This week’s Readers’ Rides comes from the person behind Cars-R-Coffins, Mr. Hurl Everstone with photos by Billy Sinkford. We love a good classic homage on a modern bike, so read on below for the full story, written by Hurl!
This bike took a flight back in 2015 when I was selected to ride for the Breadwinner team at the Rouge Roubaix, as part of the Framebuilders Challenge. Eagle-eyed viewers might recall this photo from that weekend by Mr. John Watson.
In the past 6 years, I’ve raced & ridden & toured on this beauty in Louisiana, North and South Dakota, Minnesota, and Wisconsin. By the end of last season, the frame was showing some beauty marks, including a little surface rust under the downtube so I sent it back to Breadwinner early this year for a repaint. Rather than a straight redux of the white/baby blue, I knew I wanted something fresh. I grew up racing BMX, then graduated to mountain biking. Back then road bikes simply meant “ten speeds” and held no allure. However, like many, I was intrigued by John Tomac’s drop-bar mountain bikes, and stoked to see images of North Dakota native Andy Hampsten in the snow on the Gavia in the ’88 Giro.
I quickly developed a penchant for long, exploratory days in the saddle, which ultimately led me to the realization that road riding is about as punk rock as it gets, Being a lover of all things bicycling, I found few things quite as liberating as riding drop bars in the dirt, dipping into rogue single track connectors while on a 5-hour ride. Back then if you could stuff a 28c in your road bike you were lucky. I started with a Bridgestone RB-2, then a Surly Pacer, and eventually picked up an Eddy Merckx Corsa that could fit 32c Vittoria file treads.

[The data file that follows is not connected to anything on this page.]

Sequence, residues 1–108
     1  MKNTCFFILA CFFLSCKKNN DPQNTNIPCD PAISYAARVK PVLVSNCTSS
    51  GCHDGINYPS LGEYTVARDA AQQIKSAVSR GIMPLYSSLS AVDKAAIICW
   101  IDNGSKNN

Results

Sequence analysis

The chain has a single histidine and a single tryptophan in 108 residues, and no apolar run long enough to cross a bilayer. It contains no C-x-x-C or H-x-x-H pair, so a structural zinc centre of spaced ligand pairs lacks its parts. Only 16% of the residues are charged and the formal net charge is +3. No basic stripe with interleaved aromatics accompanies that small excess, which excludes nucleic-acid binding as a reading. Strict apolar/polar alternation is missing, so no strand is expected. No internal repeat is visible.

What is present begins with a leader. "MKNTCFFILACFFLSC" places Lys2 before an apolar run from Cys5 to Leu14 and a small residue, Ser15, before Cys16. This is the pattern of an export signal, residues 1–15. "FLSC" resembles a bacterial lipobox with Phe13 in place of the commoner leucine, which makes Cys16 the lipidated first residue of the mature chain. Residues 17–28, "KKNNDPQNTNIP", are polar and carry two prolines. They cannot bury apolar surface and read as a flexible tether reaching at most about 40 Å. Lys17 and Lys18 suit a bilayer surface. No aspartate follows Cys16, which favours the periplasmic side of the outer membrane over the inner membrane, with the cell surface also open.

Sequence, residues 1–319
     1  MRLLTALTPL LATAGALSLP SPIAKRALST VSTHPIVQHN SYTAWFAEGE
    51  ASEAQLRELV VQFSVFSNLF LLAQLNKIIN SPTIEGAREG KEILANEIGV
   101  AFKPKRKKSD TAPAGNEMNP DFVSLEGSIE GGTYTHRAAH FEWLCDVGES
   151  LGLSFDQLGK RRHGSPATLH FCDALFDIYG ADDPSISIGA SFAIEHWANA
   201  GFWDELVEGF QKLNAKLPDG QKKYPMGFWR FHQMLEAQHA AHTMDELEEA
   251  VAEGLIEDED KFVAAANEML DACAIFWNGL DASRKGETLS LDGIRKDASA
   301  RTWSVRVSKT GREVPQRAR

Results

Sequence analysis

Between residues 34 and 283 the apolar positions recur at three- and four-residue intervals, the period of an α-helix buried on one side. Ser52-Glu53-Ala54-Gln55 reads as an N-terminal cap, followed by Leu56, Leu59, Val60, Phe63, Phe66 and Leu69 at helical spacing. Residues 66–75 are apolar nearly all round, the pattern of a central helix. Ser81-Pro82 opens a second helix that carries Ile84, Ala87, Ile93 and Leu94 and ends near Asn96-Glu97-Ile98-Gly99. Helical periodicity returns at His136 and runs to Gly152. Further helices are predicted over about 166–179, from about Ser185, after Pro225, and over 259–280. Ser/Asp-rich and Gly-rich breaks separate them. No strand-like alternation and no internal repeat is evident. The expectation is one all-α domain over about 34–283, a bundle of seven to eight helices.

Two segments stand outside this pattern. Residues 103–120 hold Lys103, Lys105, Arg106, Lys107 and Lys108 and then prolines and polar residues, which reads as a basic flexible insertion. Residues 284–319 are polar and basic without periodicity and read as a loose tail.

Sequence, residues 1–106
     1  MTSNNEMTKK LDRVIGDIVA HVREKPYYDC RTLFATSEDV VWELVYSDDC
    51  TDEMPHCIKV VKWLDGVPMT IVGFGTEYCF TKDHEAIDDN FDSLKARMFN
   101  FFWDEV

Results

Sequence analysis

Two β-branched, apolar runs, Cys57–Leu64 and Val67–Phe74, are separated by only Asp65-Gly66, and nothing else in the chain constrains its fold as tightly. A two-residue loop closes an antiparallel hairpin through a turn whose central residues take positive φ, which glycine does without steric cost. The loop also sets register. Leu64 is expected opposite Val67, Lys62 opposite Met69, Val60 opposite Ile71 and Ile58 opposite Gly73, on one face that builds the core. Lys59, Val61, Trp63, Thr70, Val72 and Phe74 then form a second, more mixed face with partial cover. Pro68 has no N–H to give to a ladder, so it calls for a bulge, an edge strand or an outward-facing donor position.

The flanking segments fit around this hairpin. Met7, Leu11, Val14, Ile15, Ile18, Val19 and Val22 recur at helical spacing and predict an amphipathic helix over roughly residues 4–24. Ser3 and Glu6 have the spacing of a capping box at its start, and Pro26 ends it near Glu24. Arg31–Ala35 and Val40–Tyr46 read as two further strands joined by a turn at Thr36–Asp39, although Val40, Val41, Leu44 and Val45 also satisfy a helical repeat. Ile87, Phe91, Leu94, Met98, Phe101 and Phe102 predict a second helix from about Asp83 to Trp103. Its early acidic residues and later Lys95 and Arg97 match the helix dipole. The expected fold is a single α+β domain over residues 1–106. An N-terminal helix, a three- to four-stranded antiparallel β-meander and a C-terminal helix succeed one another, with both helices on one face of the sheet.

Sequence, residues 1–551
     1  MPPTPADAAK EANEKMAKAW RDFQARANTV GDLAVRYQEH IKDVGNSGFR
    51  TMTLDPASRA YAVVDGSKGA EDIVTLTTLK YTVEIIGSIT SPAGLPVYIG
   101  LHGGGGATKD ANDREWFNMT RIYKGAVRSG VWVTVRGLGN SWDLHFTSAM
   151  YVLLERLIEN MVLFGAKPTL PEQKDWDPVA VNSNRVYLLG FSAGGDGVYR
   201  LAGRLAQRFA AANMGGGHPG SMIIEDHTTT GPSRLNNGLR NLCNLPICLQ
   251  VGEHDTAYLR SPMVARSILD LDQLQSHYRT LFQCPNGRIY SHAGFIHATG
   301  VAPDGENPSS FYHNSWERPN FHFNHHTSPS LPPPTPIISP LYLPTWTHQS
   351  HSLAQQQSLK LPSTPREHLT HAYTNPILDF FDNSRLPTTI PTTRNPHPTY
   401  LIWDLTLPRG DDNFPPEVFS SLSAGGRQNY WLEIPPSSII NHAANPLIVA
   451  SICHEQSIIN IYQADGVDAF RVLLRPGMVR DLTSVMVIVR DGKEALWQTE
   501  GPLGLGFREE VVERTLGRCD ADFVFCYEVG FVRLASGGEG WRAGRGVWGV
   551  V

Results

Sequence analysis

Anyone who’s ridden a classic steel Eddy Merckx can tell you that the ride is just sublime, the perfect blend of resilience, acceleration, and comfort evenly matched. That Corsa frame moved on to a good friend of mine, and I did briefly actually own, then sold a 7-11 replica Merckx w DA 7400, but I later scored (and still have and ride) one of Andy Bishop’s Team Motorola Merckx frames, built with 25th Anniversary Dura Ace. When it came time to repaint the B-Road I bounced a few ideas back and forth with Ira Ryan, an equally obsessed fan of classic cycling style.
An early contender was the Team Z Lemond bikes, but then I had an epiphany: the classic, elegant 7-11 paint job is just too good to resist. I emailed a photo to Ira and, *boom* we both agreed that was the one. Ironically, this all transpired before I took the job at Sugar Wheel Works and moved to Portland, where I now get to see the magic happen on a daily basis at Breadwinner. When the Bready Merckx came back from the painter I was basically picking my jaw up off the floor, then set to work tracking down a crucial silver 105 kit.
The white Onyx Racing hubs were already waiting in the wings, along with my favorite tires, Panaracer Gravelking Slicks. An 20-year-old OG Moots seat post made the cut, along with a silver Whisky Parts Co. cockpit. But I think the piece de resistance is really the Paul Component Klampers (silver, natch) with the custom green + red dial adjusters. I finished assembling it and taped the bars at midnight on Friday the 13th, then rode it 104.7 miles the next day at the Swift Summit 100.
This thing is a work of art and I’m grateful and thankful every time I throw a leg over it. xoxo. – Hurl Everstone
We’d like to thank all of you who have submitted Readers Rides builds to be shared over here. The response has been incredible and we have so many to share over the next few months. Feel free to submit your bike, listing details, components, and other information. You can also include a portrait of yourself with your bike and your Instagram account! Please, shoot landscape-orientation photos, not portrait. Thanks!